The “Budd Pioneer” is the first amphibious airplane to be built almost entirely from chromium-nickel stainless steel. The hull / fuselage and structural members were joined by an electric welding process known as shot-welding introduced by the Budd Company. The Budd spot-welding process uses controlled current, electrode pressure, and weld time to prevent a condition or weakness around each weld known as carbide precipitation.
The Budd BB-1 Pioneer was an experimental United States flying boat of the 1930s utilizing the Savoia-Marchetti S.56 design developed by an Italian company located in Port Washington, Long Island, New York. The “Pioneer” design was modified by the American Aeronautical Corporation, a subsidiary of the Dayton Airplane Engine Company. The Edward G. Budd Company of Philadelphia began construction of the open cockpit steel “Pioneer” in 1931 and it was completed the following year. The experimental plane was light weight, strong and provided immunity to rust and corrosion.
The “Bud Pioneer” accumulated over 1000 flying hours in the United States and Europe where flight demonstrations were exhibited in England, Belgium, Germany, Sweden, France, and Italy. The “Pioneer” flew over the Alps twice, once from France to Italy, and then the return trip where it was forced to land in the mountains with its wheels retracted. The aircraft was partially disassembled and moved to a more suitable area for takeoff to complete the trip.
In England, the plane sank in four feet of water due to misjudgment of an inexperienced pilot; it remained submerged for two days before being raised and repaired to fly again. The “Pioneer” was returned to its builder in Philadelphia and placed on exhibit in front of the Franklin Institute in 1935 where it remains to this day.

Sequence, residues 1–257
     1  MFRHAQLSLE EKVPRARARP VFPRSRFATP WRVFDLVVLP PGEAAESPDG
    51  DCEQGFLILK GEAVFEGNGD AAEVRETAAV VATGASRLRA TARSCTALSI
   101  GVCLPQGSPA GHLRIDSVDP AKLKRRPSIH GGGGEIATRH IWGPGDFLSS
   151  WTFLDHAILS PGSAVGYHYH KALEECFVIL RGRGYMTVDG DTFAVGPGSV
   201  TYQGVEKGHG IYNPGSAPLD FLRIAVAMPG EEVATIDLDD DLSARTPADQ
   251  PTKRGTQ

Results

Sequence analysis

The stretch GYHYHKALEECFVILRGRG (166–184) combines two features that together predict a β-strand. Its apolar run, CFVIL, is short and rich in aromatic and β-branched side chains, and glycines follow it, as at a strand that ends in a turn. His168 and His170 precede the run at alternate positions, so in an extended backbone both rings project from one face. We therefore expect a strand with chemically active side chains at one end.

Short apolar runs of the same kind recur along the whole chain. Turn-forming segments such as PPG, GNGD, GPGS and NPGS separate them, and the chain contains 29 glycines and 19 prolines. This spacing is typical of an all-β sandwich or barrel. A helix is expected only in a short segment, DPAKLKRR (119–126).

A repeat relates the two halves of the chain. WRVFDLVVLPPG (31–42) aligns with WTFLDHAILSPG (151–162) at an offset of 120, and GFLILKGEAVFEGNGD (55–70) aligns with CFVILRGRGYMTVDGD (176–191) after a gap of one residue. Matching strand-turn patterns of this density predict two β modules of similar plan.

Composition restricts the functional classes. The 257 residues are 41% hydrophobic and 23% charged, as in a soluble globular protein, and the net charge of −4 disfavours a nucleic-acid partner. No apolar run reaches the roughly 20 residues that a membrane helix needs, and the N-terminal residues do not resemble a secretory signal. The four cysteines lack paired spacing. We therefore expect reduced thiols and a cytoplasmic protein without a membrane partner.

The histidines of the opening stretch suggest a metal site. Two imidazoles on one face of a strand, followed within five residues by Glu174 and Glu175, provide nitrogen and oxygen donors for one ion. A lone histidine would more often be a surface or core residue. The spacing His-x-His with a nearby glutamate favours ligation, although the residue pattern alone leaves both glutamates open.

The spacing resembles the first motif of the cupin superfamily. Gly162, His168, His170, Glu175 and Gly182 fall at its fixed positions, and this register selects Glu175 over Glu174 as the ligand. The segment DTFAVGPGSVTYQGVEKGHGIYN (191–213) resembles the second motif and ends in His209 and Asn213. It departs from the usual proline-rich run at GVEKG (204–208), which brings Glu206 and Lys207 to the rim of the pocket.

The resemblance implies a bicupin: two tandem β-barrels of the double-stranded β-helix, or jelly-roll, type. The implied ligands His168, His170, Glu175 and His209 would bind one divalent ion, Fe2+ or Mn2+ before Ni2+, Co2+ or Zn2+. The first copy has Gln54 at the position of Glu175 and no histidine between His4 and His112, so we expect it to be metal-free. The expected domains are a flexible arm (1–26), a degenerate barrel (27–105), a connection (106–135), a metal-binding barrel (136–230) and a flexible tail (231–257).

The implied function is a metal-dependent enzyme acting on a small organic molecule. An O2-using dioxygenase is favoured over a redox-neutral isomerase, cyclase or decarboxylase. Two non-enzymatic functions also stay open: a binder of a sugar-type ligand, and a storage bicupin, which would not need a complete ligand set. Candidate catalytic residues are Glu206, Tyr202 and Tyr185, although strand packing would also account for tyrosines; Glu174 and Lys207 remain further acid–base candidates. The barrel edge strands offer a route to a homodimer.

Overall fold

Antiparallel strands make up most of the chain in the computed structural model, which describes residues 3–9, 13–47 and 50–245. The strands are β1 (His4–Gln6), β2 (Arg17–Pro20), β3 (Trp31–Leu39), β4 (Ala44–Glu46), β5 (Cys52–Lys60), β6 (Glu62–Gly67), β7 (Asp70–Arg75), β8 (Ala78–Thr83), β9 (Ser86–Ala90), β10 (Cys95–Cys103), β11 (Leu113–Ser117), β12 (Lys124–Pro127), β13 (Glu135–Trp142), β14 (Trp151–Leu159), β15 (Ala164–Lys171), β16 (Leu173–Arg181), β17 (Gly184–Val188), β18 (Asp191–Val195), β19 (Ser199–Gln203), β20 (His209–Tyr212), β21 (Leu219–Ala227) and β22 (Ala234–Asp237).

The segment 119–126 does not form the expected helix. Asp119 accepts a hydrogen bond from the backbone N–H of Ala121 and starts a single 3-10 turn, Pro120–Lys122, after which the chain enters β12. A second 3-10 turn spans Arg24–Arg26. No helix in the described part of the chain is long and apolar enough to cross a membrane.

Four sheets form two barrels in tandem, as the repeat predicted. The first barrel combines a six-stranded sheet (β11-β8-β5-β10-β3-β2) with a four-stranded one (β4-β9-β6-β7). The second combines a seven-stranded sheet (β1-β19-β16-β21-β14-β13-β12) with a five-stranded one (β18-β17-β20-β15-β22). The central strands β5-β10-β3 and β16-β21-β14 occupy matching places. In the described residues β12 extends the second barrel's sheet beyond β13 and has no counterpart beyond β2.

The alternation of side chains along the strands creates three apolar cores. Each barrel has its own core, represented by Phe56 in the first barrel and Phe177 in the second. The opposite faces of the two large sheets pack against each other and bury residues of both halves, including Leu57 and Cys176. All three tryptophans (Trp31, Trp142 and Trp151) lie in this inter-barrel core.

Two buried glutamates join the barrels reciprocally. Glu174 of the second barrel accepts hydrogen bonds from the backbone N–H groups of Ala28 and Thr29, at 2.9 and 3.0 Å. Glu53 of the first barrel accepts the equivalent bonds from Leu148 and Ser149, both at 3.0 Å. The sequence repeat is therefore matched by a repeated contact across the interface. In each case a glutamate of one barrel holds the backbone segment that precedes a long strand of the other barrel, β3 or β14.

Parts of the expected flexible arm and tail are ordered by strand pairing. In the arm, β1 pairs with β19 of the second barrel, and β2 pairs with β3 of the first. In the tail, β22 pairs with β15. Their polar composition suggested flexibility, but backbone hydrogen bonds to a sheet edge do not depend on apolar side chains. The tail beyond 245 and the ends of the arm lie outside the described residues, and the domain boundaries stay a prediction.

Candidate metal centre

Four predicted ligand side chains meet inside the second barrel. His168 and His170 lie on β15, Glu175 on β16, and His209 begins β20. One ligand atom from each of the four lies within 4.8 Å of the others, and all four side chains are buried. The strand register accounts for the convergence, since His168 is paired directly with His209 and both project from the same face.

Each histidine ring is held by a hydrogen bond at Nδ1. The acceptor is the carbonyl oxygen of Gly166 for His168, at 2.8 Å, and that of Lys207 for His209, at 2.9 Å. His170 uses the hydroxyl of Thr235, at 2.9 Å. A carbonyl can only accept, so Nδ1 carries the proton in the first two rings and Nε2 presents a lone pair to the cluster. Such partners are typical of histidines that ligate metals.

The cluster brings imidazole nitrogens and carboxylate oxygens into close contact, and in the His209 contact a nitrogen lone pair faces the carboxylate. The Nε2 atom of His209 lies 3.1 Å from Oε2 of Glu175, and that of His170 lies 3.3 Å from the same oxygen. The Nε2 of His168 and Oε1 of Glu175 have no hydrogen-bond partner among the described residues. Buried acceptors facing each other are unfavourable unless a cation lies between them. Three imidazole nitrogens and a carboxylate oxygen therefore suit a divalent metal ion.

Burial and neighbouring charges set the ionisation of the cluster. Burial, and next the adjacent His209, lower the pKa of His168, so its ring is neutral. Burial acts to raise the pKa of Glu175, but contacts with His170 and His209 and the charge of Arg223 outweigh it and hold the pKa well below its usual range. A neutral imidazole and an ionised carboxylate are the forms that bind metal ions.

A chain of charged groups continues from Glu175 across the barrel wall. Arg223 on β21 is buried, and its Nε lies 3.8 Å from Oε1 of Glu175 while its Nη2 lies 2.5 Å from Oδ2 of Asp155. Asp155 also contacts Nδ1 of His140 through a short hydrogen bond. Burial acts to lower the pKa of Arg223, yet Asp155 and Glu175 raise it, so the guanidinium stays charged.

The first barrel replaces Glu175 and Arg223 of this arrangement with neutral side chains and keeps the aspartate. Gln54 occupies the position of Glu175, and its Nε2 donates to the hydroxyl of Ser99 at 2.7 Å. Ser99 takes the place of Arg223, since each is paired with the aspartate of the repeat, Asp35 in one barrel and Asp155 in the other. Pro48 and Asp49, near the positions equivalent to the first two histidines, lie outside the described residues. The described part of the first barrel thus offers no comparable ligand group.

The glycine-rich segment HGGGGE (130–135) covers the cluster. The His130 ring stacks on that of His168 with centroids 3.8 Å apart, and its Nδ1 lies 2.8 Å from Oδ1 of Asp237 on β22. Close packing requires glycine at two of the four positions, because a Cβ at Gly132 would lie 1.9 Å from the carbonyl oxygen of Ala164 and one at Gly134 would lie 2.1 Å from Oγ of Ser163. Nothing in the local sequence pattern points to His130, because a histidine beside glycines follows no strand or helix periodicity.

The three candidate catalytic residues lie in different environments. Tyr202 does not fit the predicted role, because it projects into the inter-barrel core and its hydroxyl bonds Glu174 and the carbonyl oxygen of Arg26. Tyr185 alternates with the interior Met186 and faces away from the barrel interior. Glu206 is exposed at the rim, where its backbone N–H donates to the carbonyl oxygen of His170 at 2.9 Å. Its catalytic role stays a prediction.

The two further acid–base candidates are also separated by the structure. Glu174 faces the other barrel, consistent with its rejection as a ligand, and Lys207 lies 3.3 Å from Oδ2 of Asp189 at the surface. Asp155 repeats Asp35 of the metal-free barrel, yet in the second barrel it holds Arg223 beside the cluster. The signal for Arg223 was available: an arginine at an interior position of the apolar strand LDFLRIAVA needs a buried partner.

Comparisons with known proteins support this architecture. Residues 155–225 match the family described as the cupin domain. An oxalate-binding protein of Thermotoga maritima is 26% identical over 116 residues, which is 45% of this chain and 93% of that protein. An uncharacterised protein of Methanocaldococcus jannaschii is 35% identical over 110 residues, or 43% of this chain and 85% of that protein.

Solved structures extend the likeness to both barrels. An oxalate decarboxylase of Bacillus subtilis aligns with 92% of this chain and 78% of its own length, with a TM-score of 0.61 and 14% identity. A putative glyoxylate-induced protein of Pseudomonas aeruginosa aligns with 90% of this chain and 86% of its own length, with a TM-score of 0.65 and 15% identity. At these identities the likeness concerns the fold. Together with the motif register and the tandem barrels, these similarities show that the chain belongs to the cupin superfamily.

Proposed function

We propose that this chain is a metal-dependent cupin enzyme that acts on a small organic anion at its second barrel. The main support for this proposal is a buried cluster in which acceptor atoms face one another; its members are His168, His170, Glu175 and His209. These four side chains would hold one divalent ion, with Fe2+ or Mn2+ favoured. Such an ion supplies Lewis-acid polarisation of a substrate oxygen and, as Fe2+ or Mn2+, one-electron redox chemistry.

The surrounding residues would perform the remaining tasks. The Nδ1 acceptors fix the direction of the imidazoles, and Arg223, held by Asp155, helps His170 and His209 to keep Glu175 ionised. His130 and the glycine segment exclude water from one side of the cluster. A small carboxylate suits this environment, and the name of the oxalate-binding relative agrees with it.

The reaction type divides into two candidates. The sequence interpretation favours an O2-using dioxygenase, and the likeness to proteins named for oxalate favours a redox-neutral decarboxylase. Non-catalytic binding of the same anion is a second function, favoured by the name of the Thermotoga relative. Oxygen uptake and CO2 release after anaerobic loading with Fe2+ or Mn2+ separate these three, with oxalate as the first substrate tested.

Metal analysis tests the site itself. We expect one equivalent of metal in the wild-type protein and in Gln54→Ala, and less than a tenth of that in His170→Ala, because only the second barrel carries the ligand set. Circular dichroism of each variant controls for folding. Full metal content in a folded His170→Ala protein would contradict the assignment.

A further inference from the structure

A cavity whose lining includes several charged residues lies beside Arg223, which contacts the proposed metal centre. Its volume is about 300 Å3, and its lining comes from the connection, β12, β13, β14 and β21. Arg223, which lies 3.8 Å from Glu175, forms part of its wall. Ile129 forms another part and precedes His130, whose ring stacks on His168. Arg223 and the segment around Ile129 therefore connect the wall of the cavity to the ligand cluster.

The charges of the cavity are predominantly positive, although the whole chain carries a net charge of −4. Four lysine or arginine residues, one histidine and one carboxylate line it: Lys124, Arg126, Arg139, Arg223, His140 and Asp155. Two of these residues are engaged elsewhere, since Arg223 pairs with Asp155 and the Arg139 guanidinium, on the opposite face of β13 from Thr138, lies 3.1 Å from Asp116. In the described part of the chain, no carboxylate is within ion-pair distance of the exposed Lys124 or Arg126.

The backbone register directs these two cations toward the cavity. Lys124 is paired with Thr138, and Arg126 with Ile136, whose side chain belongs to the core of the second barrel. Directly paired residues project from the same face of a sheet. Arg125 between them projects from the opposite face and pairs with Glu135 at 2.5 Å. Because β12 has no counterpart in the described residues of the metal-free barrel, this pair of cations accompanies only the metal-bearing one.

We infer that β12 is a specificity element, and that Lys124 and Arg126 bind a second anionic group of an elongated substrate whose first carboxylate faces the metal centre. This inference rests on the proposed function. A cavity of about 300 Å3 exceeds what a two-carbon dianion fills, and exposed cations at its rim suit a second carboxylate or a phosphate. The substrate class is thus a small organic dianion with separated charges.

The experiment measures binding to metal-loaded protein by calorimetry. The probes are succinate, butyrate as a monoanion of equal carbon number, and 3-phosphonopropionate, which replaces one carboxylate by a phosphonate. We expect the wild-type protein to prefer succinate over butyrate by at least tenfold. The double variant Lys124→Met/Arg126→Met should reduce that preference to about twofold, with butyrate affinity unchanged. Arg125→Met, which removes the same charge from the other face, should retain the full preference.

The Pioneer was found to be in an unstable condition overall. The lower stainless steel panels of the fuselage have numerous areas that have rusted through allowing water and soluble iron to streak and stain the once polished metal surfaces. It is estimated that 100-150 1/8” diameter pinholes, caused by corrosion, penetrate the bottom panels. The wood and sheet metal cockpit lid has lifted from the fuselage due to fungal decay of the wood framing. The wooden “keel”, which runs front to back between two stainless steel “L” shaped strips is badly deteriorated by cubical brown rot; large sections of its length are lost. The engine cowling appears to hold water as evidenced by moss growing out of the openings where the struts and braces secure and support the engine. The painted fabric nose “cone” is unstable due to failure of the aluminum coating. The rear rubber tire is badly deteriorated and active iron corrosion was observed on sections of the wheel assembly. The trailing edges of both upper and lower wings are bent and deformed; several sections of stainless steel on the trailing edges are missing from the wings and braces / struts which support the rear elevators. The leading edge of the upper wing is hollow and has multiple openings which allow birds to build nests inside the structure. It is estimated that more than 100 small metal components are bent, missing, or are partially detached due to failed shot welds.
The Franklin Institute requested a condition survey of the “Budd Pioneer” for future conservation consideration.